I was wondering about the forgiveness of the accrued interest too. Thanks for mentioning it.

Captcook (talk|edits) said:

1 February 2013
You've mentioned this policy before, Kevin. I didn't understand how it worked in practice. I have to say, I consider it ballsy, but can find no fault in it.

Kevinh5 (talk|edits) said:

1 February 2013
I figure it costs much less per year than having those one or two folks out there bad-mouthing me. If someone is pleased with your work they tell 2 or 3 people. If someone is displeased with your work they tell everyone who will listen. Even though these people's friends might know them to be unreasonable (at best), they've still heard bad word-of-mouth about you. This way, if these people talk about us, about all they can say is 'I didn't get as big a refund as I was expecting, so they gave me all my stuff back.' That's not so negative in my book.

EmpireCPA (talk|edits) said:

1 February 2013
Ck, we book the $90,000 0% mortgage with a discount of about $45,000. The $45,000 is amortized over the life of the first mortgage. In effect, we record it as though its a $45,000 5% mortgage and record interest over time. Any proceeds from a silent second mortgage are recorded when received due to the reasons you cite above. I believe this treatment has substantial support.

I wonder at times if there are any potential tax consequences to the buyers. Is the forgiveness of the second mortgage taxable?

Ckenefick (talk|edits) said:

1 February 2013
Is the forgiveness of the second mortgage taxable?

Wouldn't it be covered under 108(e)(5)?

Podolin (talk|edits) said:

1 February 2013
Wouldn't it be covered under 108(e)(5)? Yes, it would be.

Another theory might be that the second mortgage is not even a recognized liability for tax purposes, possibly under Sec 461, because it is contingent. 461(h)(2)(A)(iii) says economic performance occurs as the property is used. However, I am not sure whether 461 applies only to accrued expenses/deductions, or whether its principle is equally relevant to timing of a capital expenditure. And our taxpayer is cash basis, so maybe it does not apply at all.

Still, it seems to me there must be some tax principle saying that, even though a cash basis taxpayer gets to include debt in the basis of assets, that debt may not be included if it is contingent. An example might be a cash basis doctor who buys some state-of-the-art equipment for $100,000, evidenced by a note and an agreement that the note does not become enforceable unless and until the equipment has performed for, say, 2 years, after which payments of principal and interest begin. when does he get depreciable basis? Concept of condition precedent or condition subsequent may be relevant, but IANAL, so I don't know.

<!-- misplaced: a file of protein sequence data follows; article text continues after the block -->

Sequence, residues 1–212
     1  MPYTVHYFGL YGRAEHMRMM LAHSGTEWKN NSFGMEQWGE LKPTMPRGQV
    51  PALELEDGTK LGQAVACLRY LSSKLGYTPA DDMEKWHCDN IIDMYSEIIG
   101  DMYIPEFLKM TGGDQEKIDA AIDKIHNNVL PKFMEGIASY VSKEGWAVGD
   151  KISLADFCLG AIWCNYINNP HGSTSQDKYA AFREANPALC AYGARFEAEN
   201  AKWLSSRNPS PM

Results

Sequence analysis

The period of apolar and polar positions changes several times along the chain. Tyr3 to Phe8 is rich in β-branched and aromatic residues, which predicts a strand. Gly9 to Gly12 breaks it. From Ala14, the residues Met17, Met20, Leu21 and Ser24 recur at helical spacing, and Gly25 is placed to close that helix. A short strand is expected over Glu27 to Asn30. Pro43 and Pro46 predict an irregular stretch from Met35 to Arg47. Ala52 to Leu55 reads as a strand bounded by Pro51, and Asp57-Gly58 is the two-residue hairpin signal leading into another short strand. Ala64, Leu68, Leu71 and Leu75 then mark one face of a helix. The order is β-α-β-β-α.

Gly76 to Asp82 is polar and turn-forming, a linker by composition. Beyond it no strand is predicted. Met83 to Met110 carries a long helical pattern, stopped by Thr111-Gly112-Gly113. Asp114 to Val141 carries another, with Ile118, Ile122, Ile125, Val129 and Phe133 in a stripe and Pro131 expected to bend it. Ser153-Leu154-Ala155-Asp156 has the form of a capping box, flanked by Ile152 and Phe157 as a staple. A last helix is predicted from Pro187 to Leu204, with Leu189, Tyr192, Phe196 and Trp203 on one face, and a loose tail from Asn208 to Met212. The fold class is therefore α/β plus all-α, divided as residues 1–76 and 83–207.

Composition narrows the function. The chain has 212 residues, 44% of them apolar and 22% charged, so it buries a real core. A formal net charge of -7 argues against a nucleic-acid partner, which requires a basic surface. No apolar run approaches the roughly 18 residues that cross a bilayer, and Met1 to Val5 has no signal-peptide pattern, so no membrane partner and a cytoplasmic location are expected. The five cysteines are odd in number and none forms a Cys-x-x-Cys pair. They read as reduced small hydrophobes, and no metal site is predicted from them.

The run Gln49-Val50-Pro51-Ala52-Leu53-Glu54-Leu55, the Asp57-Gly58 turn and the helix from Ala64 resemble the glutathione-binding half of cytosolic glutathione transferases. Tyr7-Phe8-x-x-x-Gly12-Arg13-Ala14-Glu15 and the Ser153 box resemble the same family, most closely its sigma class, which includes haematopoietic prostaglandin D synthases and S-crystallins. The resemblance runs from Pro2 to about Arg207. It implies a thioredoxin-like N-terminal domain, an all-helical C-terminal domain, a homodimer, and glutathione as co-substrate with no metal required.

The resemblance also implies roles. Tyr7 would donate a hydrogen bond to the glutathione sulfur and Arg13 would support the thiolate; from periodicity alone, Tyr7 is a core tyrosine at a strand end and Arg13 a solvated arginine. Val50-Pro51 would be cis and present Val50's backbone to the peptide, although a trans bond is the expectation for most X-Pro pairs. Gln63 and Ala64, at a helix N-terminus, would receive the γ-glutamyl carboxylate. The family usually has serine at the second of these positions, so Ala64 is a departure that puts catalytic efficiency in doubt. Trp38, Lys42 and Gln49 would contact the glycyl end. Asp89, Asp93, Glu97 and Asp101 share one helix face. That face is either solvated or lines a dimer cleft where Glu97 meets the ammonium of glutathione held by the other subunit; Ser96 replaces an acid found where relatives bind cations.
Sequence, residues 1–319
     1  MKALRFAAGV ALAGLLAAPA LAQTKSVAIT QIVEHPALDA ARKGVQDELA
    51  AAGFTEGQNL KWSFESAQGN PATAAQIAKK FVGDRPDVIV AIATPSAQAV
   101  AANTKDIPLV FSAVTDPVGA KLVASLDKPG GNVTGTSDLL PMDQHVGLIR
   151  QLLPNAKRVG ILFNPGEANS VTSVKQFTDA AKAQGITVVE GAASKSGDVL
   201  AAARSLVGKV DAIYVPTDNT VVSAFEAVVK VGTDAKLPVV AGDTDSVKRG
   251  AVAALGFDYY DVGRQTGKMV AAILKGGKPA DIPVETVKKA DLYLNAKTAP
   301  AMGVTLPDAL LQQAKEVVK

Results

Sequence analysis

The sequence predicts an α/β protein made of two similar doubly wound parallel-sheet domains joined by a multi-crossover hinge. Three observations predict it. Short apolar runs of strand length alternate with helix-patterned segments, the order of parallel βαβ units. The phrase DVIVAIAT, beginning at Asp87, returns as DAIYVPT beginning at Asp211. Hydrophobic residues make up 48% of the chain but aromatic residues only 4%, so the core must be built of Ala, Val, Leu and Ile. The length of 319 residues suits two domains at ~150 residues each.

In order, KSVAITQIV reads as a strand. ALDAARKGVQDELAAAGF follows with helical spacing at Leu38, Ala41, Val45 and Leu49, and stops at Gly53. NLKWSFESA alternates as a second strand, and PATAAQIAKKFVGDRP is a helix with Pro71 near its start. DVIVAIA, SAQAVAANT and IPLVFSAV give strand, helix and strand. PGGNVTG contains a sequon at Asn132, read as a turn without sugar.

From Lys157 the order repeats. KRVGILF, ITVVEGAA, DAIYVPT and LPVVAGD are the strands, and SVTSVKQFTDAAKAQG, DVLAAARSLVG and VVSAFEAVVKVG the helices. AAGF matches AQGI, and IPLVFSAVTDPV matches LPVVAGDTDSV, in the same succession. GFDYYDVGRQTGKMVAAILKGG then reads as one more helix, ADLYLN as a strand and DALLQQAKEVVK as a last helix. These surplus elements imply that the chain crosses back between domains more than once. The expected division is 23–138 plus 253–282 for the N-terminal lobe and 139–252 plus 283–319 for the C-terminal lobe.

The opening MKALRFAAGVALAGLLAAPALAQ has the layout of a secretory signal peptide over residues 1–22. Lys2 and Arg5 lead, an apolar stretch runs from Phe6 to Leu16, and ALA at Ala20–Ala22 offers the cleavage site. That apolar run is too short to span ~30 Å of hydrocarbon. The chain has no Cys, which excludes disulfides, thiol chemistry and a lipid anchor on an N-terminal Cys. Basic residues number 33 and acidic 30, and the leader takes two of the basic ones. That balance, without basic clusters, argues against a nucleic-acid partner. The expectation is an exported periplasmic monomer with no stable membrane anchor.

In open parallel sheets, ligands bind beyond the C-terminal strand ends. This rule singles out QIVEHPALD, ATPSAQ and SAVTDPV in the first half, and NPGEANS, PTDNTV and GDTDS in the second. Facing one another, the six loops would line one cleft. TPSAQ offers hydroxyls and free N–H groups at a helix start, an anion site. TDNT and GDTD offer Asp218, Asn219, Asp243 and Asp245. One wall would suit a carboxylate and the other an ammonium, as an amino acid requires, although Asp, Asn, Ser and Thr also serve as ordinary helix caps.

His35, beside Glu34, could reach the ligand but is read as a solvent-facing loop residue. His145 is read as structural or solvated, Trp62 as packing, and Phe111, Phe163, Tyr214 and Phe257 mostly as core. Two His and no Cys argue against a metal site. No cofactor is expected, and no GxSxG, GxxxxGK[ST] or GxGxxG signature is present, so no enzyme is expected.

Ckenefick (talk|edits) said:

1 February 2013
I was kinda thinking along the same lines, hence asking about if buyer knew of the 2nd mortgage. If buyer does know of it, not sure why it's called "silent" or "ghost." And if buyer does know of it, I would think it would show up on buyer's settlement statement and buyer would include in basis.

Podolin (talk|edits) said:

1 February 2013
Probably right, Ck, but I'd still want to know all the terms of the 2nd mortgage. Although, it does not matter much, because of all the surrounding facts - low income people, statistical probability that they do not stay in the house for the required years, not a business asset, not forgiven if rented or sold, etc.

And my doc example? When does he get basis?

STG (talk|edits) said:

1 February 2013
Kevin's Satisfaction Guarantee policy is also a good way to generate new clients. People are much more likely to come see you for the first time if they know that they will know results and fees before being held to paying. I know it sometimes results in work for no money, but if I get 10 new clients and two walk, I'm still eight ahead.

Marezidotes (talk|edits) said:

3 February 2013
Was she thinking she was going to get to deduct the $32000, or was she just unhappy in general because now she's married and doesn't get all the EIC she's used to? Have already had two like this. Like Kev, I let them go out the door with their stuff. Not worth my time.

Kevinh5 (talk|edits) said:

3 February 2013
I think she is upset that she is married and no longer gets EITC. She said she would have been happy paying me $300 if she was getting $6,000 back, but not for a measly $3,500. LOL. She works in the Health & Beauty department of my local grocery store. I think I'll buy my toothpaste and soap elsewhere.

Ckenefick (talk|edits) said:

3 February 2013
No, you should buy it there and then complain to her about the price. And then when she says she has no control over it...